October & November 1982

Signs with JC Penney to design clothing and home furnishings in what The Tampa Tribune reported “is being hailed as the most significant licensing-design agreement in the history of the fashion industry.”

Vogue is enthusiastic about Halston’s higher-end collection, observing: “This is couture, American style—the details, the by-hand craftsmanship, the finely honed sense of quality are all there.

But while Halston gives you all the luxury of classic couture, this is a couture ‘relaxed’—drama in a few perfect strokes, purely American in feeling.

Here in the cool mirrored heights of Halston’s aerie in Olympic Towers, you get the essence of his mystique: narrowed shapes, moving effortlessly, revealing—and if need be, concealing— the body in sinuous ways.”


July 1983

The high-low concept is yet to catch on in fashion, and his clothes are dropped by high-end retailers, including Bergdorf’s, soon after the JC Penney deal is signed.

Many years later the designer would say of that business agreement: “What I always wanted to do was dress America, and being a dreamer, a romantic, in a way, I thought, ‘what a wonderful idea.’”

The same month Norton Simon is sold to Esmark, which is soon after taken over by Beatrice.


1984

Beatrice and Halston are incompatible.

Halston hoped to buy back his business, but the deal fell through. “The game plans had all changed, and I was invited by them to leave Olympic Towers, so I left,” the designer later told The Sydney Morning Herald.


1989

A team-designed Halston collection is presented in Olympic Towers by Revlon, who had taken over the label from Beatrice. “His spirit hovered over the collection,” Martha’s Lynn Manulis told The New York Times. “But while he haunted the premises, his energy was missing. You can’t reinvent Halston.”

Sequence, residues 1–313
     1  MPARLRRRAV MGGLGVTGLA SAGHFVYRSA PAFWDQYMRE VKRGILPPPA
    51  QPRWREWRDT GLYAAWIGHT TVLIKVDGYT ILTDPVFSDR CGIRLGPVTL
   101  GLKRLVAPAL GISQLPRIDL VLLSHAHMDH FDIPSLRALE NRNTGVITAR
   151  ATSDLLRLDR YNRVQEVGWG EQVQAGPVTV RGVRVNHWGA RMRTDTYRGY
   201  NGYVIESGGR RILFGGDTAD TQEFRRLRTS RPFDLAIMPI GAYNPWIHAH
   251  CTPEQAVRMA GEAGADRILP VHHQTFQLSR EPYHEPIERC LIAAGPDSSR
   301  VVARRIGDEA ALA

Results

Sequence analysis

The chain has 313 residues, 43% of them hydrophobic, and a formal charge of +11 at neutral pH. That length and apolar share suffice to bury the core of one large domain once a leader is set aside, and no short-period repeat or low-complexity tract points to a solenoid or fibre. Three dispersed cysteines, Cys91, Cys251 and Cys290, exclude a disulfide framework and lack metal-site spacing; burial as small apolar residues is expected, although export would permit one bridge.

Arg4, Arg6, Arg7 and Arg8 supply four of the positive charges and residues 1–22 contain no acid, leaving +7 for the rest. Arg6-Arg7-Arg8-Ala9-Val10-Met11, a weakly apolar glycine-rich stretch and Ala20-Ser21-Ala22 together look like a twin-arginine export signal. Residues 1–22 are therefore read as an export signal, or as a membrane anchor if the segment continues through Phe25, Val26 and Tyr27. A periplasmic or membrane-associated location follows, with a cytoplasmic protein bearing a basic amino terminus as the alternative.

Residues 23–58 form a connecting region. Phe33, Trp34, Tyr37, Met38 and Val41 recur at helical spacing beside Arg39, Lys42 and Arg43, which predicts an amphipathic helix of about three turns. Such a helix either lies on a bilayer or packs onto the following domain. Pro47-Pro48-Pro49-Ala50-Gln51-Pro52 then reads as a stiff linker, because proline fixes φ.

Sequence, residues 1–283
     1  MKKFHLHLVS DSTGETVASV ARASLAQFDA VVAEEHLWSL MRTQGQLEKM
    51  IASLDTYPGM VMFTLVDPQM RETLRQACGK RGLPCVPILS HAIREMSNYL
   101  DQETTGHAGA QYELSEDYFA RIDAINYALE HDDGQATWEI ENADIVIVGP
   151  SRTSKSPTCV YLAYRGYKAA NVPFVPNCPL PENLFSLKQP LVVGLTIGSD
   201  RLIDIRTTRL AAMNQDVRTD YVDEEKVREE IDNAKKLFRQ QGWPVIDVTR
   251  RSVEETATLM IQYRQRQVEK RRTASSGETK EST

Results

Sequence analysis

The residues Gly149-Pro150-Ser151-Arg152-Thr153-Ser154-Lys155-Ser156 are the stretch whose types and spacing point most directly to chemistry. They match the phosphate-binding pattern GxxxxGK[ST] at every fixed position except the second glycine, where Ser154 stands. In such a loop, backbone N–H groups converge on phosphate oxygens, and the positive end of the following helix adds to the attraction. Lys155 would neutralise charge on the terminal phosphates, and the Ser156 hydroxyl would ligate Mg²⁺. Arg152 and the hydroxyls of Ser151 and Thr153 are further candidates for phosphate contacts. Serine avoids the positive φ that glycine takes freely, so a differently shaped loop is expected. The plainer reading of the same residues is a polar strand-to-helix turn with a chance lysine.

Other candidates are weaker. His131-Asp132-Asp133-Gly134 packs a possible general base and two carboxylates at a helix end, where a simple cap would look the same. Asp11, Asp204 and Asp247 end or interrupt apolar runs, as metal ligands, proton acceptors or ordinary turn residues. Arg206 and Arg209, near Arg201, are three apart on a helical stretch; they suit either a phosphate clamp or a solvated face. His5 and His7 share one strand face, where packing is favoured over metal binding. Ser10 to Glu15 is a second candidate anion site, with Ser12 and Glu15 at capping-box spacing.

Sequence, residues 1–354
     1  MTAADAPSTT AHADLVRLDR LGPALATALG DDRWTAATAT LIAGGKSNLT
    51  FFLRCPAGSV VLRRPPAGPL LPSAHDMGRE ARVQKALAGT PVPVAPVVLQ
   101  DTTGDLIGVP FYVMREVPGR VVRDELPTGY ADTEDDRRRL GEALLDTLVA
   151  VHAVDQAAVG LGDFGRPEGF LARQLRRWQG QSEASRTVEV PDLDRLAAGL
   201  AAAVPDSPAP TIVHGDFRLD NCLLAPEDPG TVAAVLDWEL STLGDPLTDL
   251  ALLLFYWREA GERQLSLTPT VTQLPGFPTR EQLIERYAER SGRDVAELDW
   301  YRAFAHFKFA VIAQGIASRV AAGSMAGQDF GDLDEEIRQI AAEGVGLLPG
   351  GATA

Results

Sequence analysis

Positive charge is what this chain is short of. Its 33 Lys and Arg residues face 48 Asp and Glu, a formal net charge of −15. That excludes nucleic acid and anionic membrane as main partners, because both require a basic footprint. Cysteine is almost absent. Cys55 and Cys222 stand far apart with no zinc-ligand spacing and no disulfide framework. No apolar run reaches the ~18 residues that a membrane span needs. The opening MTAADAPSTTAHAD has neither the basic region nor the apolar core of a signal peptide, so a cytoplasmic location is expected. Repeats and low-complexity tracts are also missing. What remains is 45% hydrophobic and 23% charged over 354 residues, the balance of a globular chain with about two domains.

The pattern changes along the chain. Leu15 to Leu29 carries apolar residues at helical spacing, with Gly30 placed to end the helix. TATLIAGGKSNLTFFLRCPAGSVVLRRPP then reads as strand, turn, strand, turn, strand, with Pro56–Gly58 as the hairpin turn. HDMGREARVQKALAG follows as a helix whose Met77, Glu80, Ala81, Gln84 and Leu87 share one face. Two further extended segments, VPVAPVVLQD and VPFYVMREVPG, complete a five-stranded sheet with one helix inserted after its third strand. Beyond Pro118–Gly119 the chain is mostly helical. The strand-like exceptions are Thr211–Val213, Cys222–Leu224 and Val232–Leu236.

1990

Halston dies of AIDS-related Kaposi’s Sarcoma cancer on March 26 in San Francisco.

“He was a man who understood theater. He understood special effects, he understood extravagance. He was never anything but strong. I loved him being opinionated. I loved him being strong,” said Polly Mellon in a eulogy. “His contribution was enormous, and he was an American designer, hooray. He was the first fashion star. Nobody has replaced Halston.”


American Fashion Designer Halston – The Popularity of the Halston Brand


American Fashion Designer Halston – Halston achieved great fame after designing the pillbox hat worn by Jacqueline Kennedy to her husband’s presidential inauguration in 1961, and when he moved to designing women’s wear, Newsweek dubbed him “the premier fashion designer of all America”.